Advertising

The Seattle Times Company

NWjobs | NWautos | NWhomes | NWsource | Free Classifieds | seattletimes.com

Columnists


Our network sites seattletimes.com | Advanced

Originally published March 31, 2011 at 6:01 PM | Page modified April 1, 2011 at 7:14 PM

Comments (0)     E-mail E-mail article      Print Print      Share Share

Steve Kelley

Come back, Isaiah Thomas. You're not ready for the NBA yet

Washington's Isaiah Thomas said Thursday he won't be back for his senior year. He'd be wise to reconsider and return.

Seattle Times staff columnist

Sitting with an NBA team president during the Pac-10 tournament last month, we played the favorite game of all NBA bird dogs at this time of year:

Tell Me If The Underclassman's Ready For The Next Level.

• Washington State's guard Klay Thompson? "Imagine him paired in the same backcourt with someone like (Washington Wizards point guard) John Wall. He's ready."

• Arizona's power forward Derrick Williams? "OMG, we'd start him tomorrow night."

• Washington's guard Isaiah Thomas? "Not ready."

At this point in his development Thomas, who is maybe 5 feet 7, is too small for the NBA. He's too small because he doesn't do any one thing well enough to survive in the league.

At his height, a player either has to be the quickest guy on the floor, a slithering driver like Nate Archibald was, or he has to be the best athlete on the floor, disruptive in the way former Washington guard Nate Robinson is.

Thomas isn't ready, but Thursday he announced that he was declaring his eligibility for June's NBA draft. He said he would not hire an agent, which means he could change his mind and stay for his senior season at Washington.

But his tone was definitive.

"Yes, it's a goodbye," Thomas said Thursday.

I don't think he's coming back to Washington, and that's a mistake.

Thomas should test the market. He should talk with NBA coaches and scouts. He should hear the truth from the people who work at the level. He needs to know what he needs to hear.

advertising

They will tell him he has a lot of work to do. They will tell him he needs to become a more consistent shooter, and he needs to get his shot off quicker. He needs to be a better free-throw shooter. He has to become a better on-ball defender.

He has to find a way to score at the rim. He struggled this season trying to get to the basket against teams with length and height, most notably in the NCAA tournament against North Carolina.

When Klay Thompson auditions for teams this spring, he will knock down one shot after the other, machine-like.

Thomas can't do that. Not yet.

He doesn't have that one "wow" move. He needs another summer to find it, another summer to improve his shooting and another season to improve his all-around game.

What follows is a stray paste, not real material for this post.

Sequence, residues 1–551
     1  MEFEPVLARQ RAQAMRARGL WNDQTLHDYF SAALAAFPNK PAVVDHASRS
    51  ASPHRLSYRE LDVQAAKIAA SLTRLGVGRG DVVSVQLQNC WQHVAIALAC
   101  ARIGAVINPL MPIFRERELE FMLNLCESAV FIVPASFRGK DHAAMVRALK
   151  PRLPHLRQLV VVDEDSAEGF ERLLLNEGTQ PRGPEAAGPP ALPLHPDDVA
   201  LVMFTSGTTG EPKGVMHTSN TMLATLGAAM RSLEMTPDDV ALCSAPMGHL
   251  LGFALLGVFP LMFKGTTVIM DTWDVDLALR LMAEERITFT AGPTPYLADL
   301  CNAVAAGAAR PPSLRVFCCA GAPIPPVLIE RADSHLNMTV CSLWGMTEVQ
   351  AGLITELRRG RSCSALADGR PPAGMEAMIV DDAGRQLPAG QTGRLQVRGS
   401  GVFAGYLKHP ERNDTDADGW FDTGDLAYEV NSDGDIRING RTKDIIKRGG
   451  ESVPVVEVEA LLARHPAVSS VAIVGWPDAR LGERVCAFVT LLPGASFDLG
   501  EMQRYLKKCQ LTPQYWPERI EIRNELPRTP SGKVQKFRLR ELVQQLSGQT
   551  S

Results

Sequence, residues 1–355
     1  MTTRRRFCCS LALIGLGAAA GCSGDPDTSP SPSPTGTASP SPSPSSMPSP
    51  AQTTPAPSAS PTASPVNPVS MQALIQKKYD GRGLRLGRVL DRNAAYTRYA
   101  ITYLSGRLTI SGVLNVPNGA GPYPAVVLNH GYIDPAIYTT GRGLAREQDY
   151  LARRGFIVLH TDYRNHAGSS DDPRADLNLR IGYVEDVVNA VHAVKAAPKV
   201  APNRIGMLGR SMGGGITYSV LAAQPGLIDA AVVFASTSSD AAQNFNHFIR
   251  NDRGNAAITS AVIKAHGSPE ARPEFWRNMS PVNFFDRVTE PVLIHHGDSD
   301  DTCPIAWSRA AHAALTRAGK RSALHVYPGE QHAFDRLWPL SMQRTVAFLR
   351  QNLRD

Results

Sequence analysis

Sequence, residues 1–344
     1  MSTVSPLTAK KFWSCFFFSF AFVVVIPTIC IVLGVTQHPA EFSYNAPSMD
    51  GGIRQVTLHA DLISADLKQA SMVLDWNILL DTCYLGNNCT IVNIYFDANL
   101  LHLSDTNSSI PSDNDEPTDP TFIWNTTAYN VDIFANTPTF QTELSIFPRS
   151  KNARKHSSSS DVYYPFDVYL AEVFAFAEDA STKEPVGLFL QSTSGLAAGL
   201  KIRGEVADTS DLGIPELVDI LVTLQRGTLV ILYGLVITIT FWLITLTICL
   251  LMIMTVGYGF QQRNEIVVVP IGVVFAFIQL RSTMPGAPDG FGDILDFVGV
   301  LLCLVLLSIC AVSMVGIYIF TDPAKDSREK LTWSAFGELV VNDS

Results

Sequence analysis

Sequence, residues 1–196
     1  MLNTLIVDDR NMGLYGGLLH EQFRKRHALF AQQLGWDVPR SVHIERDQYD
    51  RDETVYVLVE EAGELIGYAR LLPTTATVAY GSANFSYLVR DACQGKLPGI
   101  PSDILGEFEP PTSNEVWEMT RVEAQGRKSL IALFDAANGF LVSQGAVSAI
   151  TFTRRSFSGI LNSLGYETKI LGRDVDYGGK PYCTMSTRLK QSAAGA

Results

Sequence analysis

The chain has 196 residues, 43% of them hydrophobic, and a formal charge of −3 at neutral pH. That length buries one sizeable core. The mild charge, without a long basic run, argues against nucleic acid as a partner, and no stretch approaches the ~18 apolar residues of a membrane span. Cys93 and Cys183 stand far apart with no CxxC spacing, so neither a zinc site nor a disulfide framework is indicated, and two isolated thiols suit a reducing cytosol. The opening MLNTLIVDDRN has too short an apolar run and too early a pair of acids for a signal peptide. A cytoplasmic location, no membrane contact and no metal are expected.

In his favor, scouts don't yet know about the size of Thomas' heart. They don't know about the indomitability of his spirit. They don't know that when Thomas gets knocked to the floor, he doesn't stay on the floor. He pops up immediately.

They don't know that, at every level, Thomas has found a way to overcome his size.

He likes being told what he can't do, and then doing it.

There were times this season when Thomas carried Washington. He was fearless with the ball. In the final moments of big games, he wanted to take the last shot. His game-winner in the Pac-10 tournament final against Arizona showed just how clutch he can be.

After Abdul Gaddy was lost with a knee injury in January, Thomas showed he can be a point guard. But in late February, fatigue set in. Thomas went into a shooting slump, and the Huskies lost two of their final three home games.

It doesn't make sense for him to leave now. A lockout is looming in the NBA, which means if he enters the draft, Thomas may have no place to play next season.

Maybe the point-guard log jam at Washington is bothering him. With Gaddy healthy and Tony Wroten joining the team, Thomas probably will have to play both guard positions. Maybe he believes that will hurt his chances in the 2012 draft.

But if he stays, Thomas will be the preseason favorite for Pac-12 player of the year. If he stays, Washington again will be a legitimate contender for the conference championship. And if he stays, he will have one more year to mature into the kind of player an NBA team would consider.

But if he goes, Thomas could sentence himself to a long stay in NBA limbo. A lot will happen between now and draft day, but he probably will be chosen in the middle of the second round, play in the summer league and the exhibition season, then either sit on the end of the bench or land in the NBA's Development League.

So come back, Isaiah. It isn't too late. The NBA still will be around in 2012. And you need your senior year.

Steve Kelley: 206-464-2176 or skelley@seattletimes.com

Huskies' early exits
Isaiah Thomas would be the fifth UW player to leave early for the NBA draft. Others had mixed success:
Year Player NBA draft NBA career
1997 Mark Sanford Second round (31), Miami Never played
2003 Doug Wrenn Not drafted Never played
2005 Nate Robinson First round (21), Phoenix In sixth year with third team, 11.3 ppg career
2007 Spencer Hawes First round (10), Sacramento In fourth year with second team, 8.4 ppg career

Comments (0)     E-mail E-mail article      Print Print      Share Share

News where, when and how you want it

Email Icon

Comments
No comments have been posted to this article.

About Steve Kelley

Steve Kelley covers all sports, putting his spin on matters involving both the home team and the nation.
skelley@seattletimes.com | 206-464-2176

Video

Advertising

NDN Video

Marketplace

Advertising